I cursed some more. Then, after grabbing breakfast I talked to my sister to make sense of the results. From what I gathered, it looks like while Niels’ test was negative, he was infected, which aligns with him having symptoms first. My wife’s test was inconclusive as the measured values are right in between the ranges for negative and positive. For all intents and purposes, she was infected but getting better, which also aligns with her having symptoms. Having been infected last, it also made sense that my test was still positive. In all of this Nikola was the only one that escaped a bout with COVID-19.
We informed everyone we came in contact with over the past two weeks, which thanks to isolating as much as we can, was a total of two people outside of our household and child care institutions. Yet the question remains: how did we get infected? We’ll never know for sure, but if we look back from the timeline above, there’s a single event that stands out:
On January 12th, Niels had an appointment with an optometrist to get new prescription glasses. Since the appointment was in the heart of Munich, we decided to take public transport to avoid traffic. A few stops after getting on, somebody else sat across from her with their FFP-2 mask on. Right after sitting down, they took off their mask, blew their nose, and put their mask back on. While my wife was wearing her FFP-2 mask, Niels did not have such protection as there are no FFP-2 masks that fit him. He does have a Paw Patrol mask that my wife made for him, but that most likely wouldn’t have helped him.
It looks like that episode might have been our first contact with the virus. Five days later, the symptoms started and the situation unravelled. Of course it’s possible that we were infected through other means, but this looks like a likely vector.
It’s too early to talk about symptoms, long-term effects, or when we will consider ourselves fully recovered. But it’s not too early to talk about the danger this pandemic poses. A lot of talk has focussed on whether children drive infections, whether schools and child care centers are potential hotspots. Looking at our scenario, I would absolutely say that they drive infections, and why wouldn’t they? From one infected person, we have at least 6 more people confirmed infected. I don’t know how many people have been quarantined, and I don’t know how many more have tested positive, possibly without ever showing symptoms. Test protocols call for quarantined people to be tested at the end of quarantine, which means that they’ll most likely test negative and nobody will question whether they had been infected. Since we’re talking about children, they can’t be isolated during quarantine. They will potentially infect their parents, and unless they interpret being fatigued as a potential sign, there’s no requirement for them to quarantine or even get tested.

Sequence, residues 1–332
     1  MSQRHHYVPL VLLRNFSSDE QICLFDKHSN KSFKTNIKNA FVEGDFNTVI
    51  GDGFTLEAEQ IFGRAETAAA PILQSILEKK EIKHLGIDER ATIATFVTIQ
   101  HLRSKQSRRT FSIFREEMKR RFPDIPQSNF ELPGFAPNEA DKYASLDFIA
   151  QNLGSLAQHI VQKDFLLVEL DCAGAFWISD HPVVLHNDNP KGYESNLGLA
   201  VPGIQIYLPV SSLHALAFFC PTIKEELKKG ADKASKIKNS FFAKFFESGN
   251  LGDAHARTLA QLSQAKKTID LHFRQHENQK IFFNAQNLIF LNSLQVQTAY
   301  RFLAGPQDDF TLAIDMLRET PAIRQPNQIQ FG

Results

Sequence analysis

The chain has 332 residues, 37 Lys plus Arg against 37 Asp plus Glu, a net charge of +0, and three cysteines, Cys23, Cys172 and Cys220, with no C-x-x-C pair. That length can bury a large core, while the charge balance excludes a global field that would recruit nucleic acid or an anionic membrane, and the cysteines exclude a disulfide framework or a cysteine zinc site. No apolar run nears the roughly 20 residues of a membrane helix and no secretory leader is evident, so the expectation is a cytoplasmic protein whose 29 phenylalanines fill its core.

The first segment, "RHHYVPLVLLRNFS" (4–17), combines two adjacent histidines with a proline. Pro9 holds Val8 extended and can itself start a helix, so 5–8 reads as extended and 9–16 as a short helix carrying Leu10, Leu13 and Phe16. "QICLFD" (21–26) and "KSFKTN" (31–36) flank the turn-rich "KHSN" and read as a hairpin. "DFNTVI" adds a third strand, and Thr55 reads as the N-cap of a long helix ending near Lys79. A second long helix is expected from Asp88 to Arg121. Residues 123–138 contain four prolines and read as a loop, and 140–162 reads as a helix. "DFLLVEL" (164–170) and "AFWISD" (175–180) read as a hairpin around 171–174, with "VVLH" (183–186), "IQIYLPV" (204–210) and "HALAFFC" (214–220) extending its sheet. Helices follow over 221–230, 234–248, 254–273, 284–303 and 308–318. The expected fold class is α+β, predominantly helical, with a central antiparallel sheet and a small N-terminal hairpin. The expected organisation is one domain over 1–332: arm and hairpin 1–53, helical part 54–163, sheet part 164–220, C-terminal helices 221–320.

If we hadn’t been tested out of precaution, my wife, Nikola, and I would’ve been free to live our normal lives. Niels would be quarantined, test negative at the end, and our infections would’ve gone unnoticed, potentially contributing to the spread. It’s clear that testing protocols are not nearly sufficient to prevent widespread community infection, and the numbers leading up to Christmas would confirm this.
When deciding whether to get tested, I looked at typical symptoms. Fever, cough, runny nose, fatigue, loss of taste and smell. I had elevated temperature, but didn’t feel more fatigued than in previous weeks. We had felt worse a couple of times the previous years, and the tests we took then always came back negative. This looked like a common cold, but it could’ve very well killed someone.
In hindsight, there’s one thing we should’ve done different in our routine: we should’ve gotten tested at the first sign of symptoms, even if it’s just a single symptom from the long list that COVID-19 comes with. By the time we saw a connection between the elevated temperature and our fatigue, it was too late. The rest worked as well as it could, and we’ll continue doing it: we’ll continue to isolate as much as we can, we’ll continue to wear masks when going outside, we’ll continue to do a single weekly shopping trip to reduce exposure.
The lesson I learned from this is simple: we can do a lot to protect ourselves, but it won’t be enough if the people around you don’t do the same. More than ever, we need to protect each other, and not just think of ourselves. And if you have a single symptom, get tested. It’s better to get tested and get a negative result, than not getting tested and infecting the people you love.